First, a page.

Thailand’s sideshow is over

For those who thought yesterday’s event was bad, think again. The real fight is just unfolding. Yesterday’s clashes gave forces from both sides a good feel of one another’s strength and resolve. Like two cautious pugilists meeting in the ring for the first time after a much hyped promotion, clashes between the Government troops and red demonstrators thus far is probably only a prelude to what’s in the offing.

The next few days are likely to see heavy fighting. The ground zero is still teeming with reds and others outside the perimeters of Ratchaprasong intersection are getting organised. At least one source indicates that some taxi and tuk-tuk drivers are getting organised at Suan Phlu, which is adjacent to Lumpini/Silom area. The areas saw heavy clashes yesterday. Drivers of motorcycle taxis along Sathorn road are also telling some pedestrians on the street to go back home as they expect more clashes.

Whichever it plays out, eventually from a physical perspective, the reds will inevitably bow down. They can create mayhem (reports are coming in indicating they have set fire to some buildings around the Lumpini boxing stadium), but that’s probably the furthest they can go. Of course, the much vaunted black-clad paramilitary troops haven’t made their grand entry. If they do, it would perhaps prolong the battle a bit more. On the other hand, the shadowy group might perhaps remain shadowy now that their alleged head Maj. Gen Khattiya Sawasdipol’s influence had been incapacitated by a well-placed .308 bullet.

But physical battle is just part of it. The real fight is politics. Who will emerge victorious from a PR perspective is the key to understand how things will unfold. Both parties (as well others in the game) will be shuffling their steps and doing verbal gymnastics (more than then the usual, that is) to get the positioning right, so that when everything settles down, they are able to get out of this mess with relatively less taint.

What I have written thus far is of course conventional wisdom. But will conventional wisdom rule the day in a country where politics has become so convoluted that no serious political analyst/journalist can actually write something without ever having a second thought? I am not too sure. There are simply too many political players and the dynamics in terms of political interest against political resources is changing so quickly that probably only the main leaders might have an inkling of what’s happening. While the reds and the Government forces are having a go at each other, the unseen hands of the Privy Council, PAD (yellow-shirts) and the army/police are actively at work. And of course we should also not discount the health conditions of the two key protagonists in the drama – Thaksin Shinawatra and King Bhumibol Adulyadej. How will that play out?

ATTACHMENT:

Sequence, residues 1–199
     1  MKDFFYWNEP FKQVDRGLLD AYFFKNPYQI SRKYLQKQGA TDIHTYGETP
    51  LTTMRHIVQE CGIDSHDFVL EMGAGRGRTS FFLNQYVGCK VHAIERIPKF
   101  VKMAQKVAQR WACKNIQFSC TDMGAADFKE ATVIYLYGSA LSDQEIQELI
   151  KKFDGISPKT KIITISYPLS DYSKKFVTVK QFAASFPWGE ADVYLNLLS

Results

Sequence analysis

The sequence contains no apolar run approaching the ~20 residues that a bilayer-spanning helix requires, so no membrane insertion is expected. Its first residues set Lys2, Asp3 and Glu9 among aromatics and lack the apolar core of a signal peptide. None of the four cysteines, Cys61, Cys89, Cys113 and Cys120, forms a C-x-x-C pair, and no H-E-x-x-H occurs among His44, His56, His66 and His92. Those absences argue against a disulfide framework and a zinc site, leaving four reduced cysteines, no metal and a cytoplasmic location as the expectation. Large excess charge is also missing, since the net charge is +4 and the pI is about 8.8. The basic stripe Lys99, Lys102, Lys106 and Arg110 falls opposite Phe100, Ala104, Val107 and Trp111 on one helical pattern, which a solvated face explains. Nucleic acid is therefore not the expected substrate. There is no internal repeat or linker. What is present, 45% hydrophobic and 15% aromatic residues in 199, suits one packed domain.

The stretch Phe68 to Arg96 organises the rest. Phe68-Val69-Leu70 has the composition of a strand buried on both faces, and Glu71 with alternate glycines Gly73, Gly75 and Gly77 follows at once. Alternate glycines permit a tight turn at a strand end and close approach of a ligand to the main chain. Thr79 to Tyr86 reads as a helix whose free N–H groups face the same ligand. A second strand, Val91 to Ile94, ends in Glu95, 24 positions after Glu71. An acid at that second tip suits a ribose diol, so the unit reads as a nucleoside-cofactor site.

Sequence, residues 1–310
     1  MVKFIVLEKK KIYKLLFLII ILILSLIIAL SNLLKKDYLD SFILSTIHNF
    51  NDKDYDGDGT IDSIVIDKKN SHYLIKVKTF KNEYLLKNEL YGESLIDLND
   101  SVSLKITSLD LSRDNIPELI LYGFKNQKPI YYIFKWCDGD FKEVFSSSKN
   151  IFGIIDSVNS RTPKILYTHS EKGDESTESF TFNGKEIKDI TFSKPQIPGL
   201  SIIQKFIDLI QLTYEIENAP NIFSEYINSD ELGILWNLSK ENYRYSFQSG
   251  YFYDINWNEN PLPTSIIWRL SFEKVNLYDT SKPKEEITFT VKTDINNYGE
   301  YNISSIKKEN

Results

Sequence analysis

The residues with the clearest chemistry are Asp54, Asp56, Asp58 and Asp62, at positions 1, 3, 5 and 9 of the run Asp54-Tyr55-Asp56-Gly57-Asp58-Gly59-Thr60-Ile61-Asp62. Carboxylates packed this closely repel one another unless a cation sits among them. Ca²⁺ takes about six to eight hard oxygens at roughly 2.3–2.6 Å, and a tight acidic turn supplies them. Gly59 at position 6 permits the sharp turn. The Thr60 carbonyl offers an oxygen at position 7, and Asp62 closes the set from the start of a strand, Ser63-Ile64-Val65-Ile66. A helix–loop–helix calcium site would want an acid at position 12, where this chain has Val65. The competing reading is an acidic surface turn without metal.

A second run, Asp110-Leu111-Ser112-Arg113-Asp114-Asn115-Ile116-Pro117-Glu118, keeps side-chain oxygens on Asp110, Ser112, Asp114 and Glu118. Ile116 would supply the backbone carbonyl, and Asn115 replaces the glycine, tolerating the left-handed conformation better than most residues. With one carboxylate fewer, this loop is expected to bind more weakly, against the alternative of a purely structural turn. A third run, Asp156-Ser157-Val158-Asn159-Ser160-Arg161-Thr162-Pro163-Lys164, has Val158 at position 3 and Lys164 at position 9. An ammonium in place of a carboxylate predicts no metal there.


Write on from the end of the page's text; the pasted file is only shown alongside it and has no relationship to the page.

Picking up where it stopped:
This simply means that whatever the outcome of the battle in the next few days, one thing is sure, the war is still on. It is a war which not only has the boxers in the ring slugging it out, but also with the real possibility of having the umpire (police/army), cornermen (yellow/multicoloured faction) and the crowd (Privy Council and other forces, including foreigners) entering the ring to get a piece of the action. The smart money is that the Government of the day led by Prime Minister Abhisit Vejjajiva will be the first casualty.

But everyone is fighting it out without considering the enormous economic and political ramification to Thailand as a whole. Thailand’s economic growth for the year will be badly hampered if matters prolong. As it is this year’s drought will have a telling impact on country’s exports of agri-produce. The tourism sector is in sorry state. FDI numbers are being affected by the Map Tha Phut case. Political instability will further erode FDI numbers, which is Thailand main engine of growth apart from exports. In fact personal feedback from members of Thailand’s powerful Joint Foreign Chamber of Commerce in Thailand (JFCCT) indicates the unstable political conditions are making them very wary of investing further in Thailand.

On a political/social level, the ideological undertones of this political crisis are too deep to be put aside. Thaksin’s current role on the red’s movement is enormous but somewhere along the way, it appears the reds’ struggle has expanded beyond Thaksin (though they would still need his money to remain a potent political force) and is now positioned as a class struggle.

As such, the wounds inflicted on Thailand’s psyche and image in the next few days could have a lasting impact on Thailand future growth as a nation. That’s a greater wound that all the grenades, .308 bullets and armoured personal carriers can inflict on the Thai people.  Is our boxing ensemble ready for that?

About Kishen, Guest Contributor